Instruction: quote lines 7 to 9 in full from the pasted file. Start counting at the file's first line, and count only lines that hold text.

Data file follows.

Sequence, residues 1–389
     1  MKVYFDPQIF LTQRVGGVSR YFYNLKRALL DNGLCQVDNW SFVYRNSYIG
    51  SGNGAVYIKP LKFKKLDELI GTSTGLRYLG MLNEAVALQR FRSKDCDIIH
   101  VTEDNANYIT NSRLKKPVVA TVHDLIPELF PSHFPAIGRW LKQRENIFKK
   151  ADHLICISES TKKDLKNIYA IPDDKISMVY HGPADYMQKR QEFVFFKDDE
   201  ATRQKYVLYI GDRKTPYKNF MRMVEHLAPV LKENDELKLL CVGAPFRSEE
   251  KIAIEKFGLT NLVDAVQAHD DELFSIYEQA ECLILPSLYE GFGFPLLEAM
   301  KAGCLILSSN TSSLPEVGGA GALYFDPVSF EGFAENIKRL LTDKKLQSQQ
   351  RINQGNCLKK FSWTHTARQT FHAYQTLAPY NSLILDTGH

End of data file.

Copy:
   251  KIAIEKFGLT NLVDAVQAHD DELFSIYEQA ECLILPSLYE GFGFPLLEAM
   301  KAGCLILSSN TSSLPEVGGA GALYFDPVSF EGFAENIKRL LTDKKLQSQQ
   351  RINQGNCLKK FSWTHTARQT FHAYQTLAPY NSLILDTGH